Van Cleef & Arpels’ CEO on Keeping the Brand Relevant, Buying at Auction


One of the key challenges for the leader of a long-established jewelry brand is ensuring the brand remains relevant, and this is something the CEO of Van Cleef & Arpels recognizes. “There is a permanent and long-term challenge, which is to manage and keep the relevance of what we do. Maybe it seems a bit abstract, but it’s really important,” Nicholas Bos tells Blouin Lifestyle in an interview, adding “It’s about keeping craftsmanship relevant to a world that is changing.” He notes, “Jewelry has been part of culture for thousands of years, so it’s not going to disappear. Still, you need to make sure that you embrace new technologies, new media, to make it relevant and that’s really the challenges of the industry.”

To help explain that take on developments in jewelry making, past and present, Van Cleef & Arpels has just unveiled a major exhibition at the ArtScience Museum in Singapore, “Van Cleef & Arpels: The Art and Science of Gems,” which puts the spotlight on the raw materials used by the Maison’s artisans while also lifting the veil on some of its innovative designs, such as the Zip necklace, the Cadenas timepieces, and its “mystery” setting, through drawings and detailed mock-ups.


“We’re inherited a fantastic history and craftsmanship, but how do you make sure you’re as relevant in 2016, as you were in the 1960s or the 1920s? That’s why it’s very important that we’re visible in museums and exhibitions. It’s not only about the commercial aspect, we need to keep a connection between the world of jewelry and a more general public.”


The jeweler is planning a second exhibition in September, this time in Paris in an art gallery, to present to the general public a collection that had been initially conceived for the Biennale des Antiquaires (to which the brand, like most other jewelers is no longer participating).

While the collection will only be presented to the press in July, Bos is prepared to reveal, “It’s an interesting collection referring to animals, a very narrative, playful collection, with only animal brooches. It’s a perfect collection to be exhibited, because we think it will be quite moving and funny.”

The launch of the Ecole Van Cleef & Arpels in 2012 was another step in the direction of opening the Maison’s doors to a general public, promoting the appreciation of jewelry making and a general understanding of gemstones through a unique, often hands-on experience especially developed to be accessible to the layperson.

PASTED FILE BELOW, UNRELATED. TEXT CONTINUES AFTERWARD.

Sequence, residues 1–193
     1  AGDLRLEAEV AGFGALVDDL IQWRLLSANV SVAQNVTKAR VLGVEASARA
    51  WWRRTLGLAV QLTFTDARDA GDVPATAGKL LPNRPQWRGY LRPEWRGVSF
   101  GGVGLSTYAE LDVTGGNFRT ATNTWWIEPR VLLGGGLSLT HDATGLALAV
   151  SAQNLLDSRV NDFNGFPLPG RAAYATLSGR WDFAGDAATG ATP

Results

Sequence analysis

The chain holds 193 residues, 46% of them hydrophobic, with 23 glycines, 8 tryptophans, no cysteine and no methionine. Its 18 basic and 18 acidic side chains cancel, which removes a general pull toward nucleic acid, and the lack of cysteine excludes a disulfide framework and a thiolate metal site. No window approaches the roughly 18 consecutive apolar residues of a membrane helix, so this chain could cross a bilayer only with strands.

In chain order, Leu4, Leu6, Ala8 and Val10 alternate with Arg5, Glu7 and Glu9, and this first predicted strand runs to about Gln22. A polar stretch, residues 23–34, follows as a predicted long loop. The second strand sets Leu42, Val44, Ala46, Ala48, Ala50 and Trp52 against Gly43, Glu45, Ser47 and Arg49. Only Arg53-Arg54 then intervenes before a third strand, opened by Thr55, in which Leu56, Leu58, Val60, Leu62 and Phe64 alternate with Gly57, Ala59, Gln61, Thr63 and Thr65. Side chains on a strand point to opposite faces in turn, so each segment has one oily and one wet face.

“The interest and the will to wear something beautiful is going to remain forever. So it’s really about developing visibility and access. If you become too intimidating, secretive, and obscure, you can lose that contact and only concentrate on a handful of clients. So the school is really about giving an easy point of entry to understand that world,” Bos says.

In recent years, the brand has also been building a heritage collection, buying back at auctions or from dealers and private clients. Bos acknowledges that while the collection was started in the 1980s, the house has been buying “more and more in recent years, in particular knowing that a number of projects like this one [the ArtScience museum presentation] were coming up.”


“I try to dedicate quite a lot of resources to that. I do give a budget to my team, but I’m the first to go above the budget,” he says with a laugh adding there has been a conscious decision to enrich the collection with “very important pieces, so not only pieces illustrative of a certain period or sometimes a bit unusual and surprising, which had been the focus before, but pieces like the Walska Briolette Diamond Brooch [bought at Sotheby’s in 2013 for CHF 9,685,000] and the necklace of Queen Nazli that we purchase last year [a 1939 platinum and diamond necklace bought at Sotheby’s for $4.28 million].”

“These were quite expensive purchases, but we felt it was important we had very important pieces, with quite amazing stones and provenance. This allows us to have a project like that without having to go to many private lenders,” Bos explains.

Sometimes, there are also lucky finds. Last year, Catherine Cariou, heritage director at Van Cleef & Arpels, bought a beautiful turquoise necklace at a US vintage jewelry fair, to only find out later after looking through the maison’s archives that it had once belonged to the Duchess of Windsor.

Van Cleef & Arpels’s jewelry regularly appears at auction, and prices have be rising, but Bos notes there are still opportunities for collectors.

“Anything iconic, like zip necklaces, butterflies, and flowers, pieces that are highly identifiable with the brand, fairies or ballerinas, really go for high prices, much more than pieces that are more unusual,” he says adding “If you like vintage pieces, I would advise to go for pieces from the 1940s-50s, the Ludo pieces (characterized by hexagonal shapes). Also pieces from the late ’60s-70s, you can still find them and for me it’s a very good way to start. They are going to appreciate over time. You just need to be cautious about the origin, because a lot of pieces you see at auction could have been modified — which is true for all jewelry pieces — sometimes stones have been replaced, or some piece have been changed. That does impact value.

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